Korean Government-owned KEPCO has launched an appeal against the NSW Land and Environment Court’s decision to uphold the refusal of a huge coal mine in the Bylong Valley.
The Bylong Valley Protection Alliance (BVPA) has fought against the mine for years, supported with legal advice and representation from the Environmental Defenders Office.
The mine was originally refused by the Independent Planning Commission (IPC) in September 2019, a decision that was upheld by the Land and Environment Court in December 2020.
KEPCO filed an appeal in the NSW Court of Appeal in March 2021.
EDO Managing Lawyer Rana Koroglu said:
“The commission found that this mine should be refused on a number of grounds, including its climate impacts, so it’s very disappointing to see that KEPCO is appealing the Land and Environment Court’s decision.
“Last year, the Bylong Valley Protection Alliance, represented by the EDO, went to court to win the right to join the appeal and defend the commission’s decision to refuse this mine.
“Having done that, we argued successfully for the IPC’s refusal of the mine to be upheld.
“We will be speaking with our clients in the coming days to discuss next steps as they continue to defend the rejection of this mine through the courts.”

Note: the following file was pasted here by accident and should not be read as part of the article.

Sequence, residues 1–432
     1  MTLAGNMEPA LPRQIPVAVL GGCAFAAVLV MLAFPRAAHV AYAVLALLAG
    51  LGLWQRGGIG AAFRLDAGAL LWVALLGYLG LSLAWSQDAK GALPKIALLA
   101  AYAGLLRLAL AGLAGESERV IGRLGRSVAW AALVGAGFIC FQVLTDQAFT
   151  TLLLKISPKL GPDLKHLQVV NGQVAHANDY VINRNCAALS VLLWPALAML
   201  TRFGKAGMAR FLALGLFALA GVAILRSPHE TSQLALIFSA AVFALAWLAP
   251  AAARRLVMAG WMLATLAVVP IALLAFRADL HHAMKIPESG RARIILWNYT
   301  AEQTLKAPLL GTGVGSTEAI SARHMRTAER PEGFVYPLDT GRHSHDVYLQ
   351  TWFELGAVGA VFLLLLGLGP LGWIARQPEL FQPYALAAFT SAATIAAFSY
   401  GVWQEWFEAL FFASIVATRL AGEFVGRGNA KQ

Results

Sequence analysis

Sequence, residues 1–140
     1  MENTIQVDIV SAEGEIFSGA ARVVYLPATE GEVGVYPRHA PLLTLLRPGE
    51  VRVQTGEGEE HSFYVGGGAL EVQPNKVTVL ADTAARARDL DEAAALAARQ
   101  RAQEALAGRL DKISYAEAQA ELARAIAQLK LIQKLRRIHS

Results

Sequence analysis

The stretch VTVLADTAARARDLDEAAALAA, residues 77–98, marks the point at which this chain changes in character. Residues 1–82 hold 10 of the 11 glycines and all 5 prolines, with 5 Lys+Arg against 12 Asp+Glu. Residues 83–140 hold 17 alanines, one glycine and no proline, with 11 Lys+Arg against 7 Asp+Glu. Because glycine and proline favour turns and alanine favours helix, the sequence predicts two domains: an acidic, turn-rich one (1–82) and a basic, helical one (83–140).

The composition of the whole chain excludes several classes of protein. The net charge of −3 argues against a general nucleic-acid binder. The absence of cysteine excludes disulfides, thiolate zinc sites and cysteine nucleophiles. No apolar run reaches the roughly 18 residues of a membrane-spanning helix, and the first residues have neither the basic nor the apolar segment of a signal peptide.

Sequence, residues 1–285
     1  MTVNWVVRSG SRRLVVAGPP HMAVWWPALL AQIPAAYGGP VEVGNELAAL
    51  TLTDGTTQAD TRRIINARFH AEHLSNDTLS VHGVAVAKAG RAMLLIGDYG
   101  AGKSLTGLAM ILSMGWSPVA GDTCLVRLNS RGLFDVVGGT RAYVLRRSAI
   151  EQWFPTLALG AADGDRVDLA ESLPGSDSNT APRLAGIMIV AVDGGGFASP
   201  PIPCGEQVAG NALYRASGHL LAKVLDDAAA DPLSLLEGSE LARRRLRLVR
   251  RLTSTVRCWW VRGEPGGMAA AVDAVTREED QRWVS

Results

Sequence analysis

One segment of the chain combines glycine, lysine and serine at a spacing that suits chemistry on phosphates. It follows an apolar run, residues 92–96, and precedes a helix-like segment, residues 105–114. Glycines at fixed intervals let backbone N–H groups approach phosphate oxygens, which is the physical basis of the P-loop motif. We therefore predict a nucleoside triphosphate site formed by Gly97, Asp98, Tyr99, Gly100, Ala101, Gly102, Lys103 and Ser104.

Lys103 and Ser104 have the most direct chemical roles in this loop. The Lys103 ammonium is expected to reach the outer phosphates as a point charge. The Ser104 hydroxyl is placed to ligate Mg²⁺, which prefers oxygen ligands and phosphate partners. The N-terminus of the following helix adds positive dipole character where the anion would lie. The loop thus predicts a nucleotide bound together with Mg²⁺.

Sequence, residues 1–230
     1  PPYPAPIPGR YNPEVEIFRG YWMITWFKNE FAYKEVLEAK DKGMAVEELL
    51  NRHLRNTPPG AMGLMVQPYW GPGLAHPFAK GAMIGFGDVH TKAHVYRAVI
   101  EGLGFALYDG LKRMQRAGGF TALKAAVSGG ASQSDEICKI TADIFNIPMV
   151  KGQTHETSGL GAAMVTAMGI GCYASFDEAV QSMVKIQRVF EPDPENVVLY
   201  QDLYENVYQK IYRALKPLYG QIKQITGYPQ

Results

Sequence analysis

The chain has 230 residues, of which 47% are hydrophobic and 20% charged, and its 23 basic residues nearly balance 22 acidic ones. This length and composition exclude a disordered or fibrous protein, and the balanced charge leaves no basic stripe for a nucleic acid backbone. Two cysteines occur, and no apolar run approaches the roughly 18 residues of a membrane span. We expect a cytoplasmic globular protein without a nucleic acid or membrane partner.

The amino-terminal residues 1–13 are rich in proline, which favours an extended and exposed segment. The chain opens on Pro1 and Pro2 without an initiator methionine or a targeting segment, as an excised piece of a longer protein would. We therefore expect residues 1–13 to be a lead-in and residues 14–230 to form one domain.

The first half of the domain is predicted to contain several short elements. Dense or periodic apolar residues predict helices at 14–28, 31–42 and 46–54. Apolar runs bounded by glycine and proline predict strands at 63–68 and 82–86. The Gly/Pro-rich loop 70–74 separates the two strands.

The Bylong Valley coal mine is a proposed 6.5 million tonnes-per-year open cut and underground thermal coal mine, planned by Korean company KEPCO in an area of the New South Wales central tablelands, known for its scenic beauty and agricultural productivity.
Acting for the Bylong Valley Protection Alliance, EDO lawyers presented the NSW IPC with independent expert evidence, including on the mine’s climate change impacts. In September 2019, the commission rejected the mine, and found it was contrary to the principles of ecologically sustainable development, citing impacts on climate, groundwater, agricultural land and aesthetic, scenic, heritage and natural values in its Statement of Reasons for the refusal.
KEPCO applied for judicial review of the decision in December 2019.
The community was left on its own to defend the commission’s decision in court, as the commission chose to take no active role in the proceedings.
Without the Environmental Defenders Office representing the BVPA, it is likely KEPCO’s challenge would have taken place without any active contradictor.
The judicial review hearing in the NSW Land and Environment Court took place in August 2020. On 18 December 2020, the Land and Environment Court upheld the commission’s decision to refuse the mine.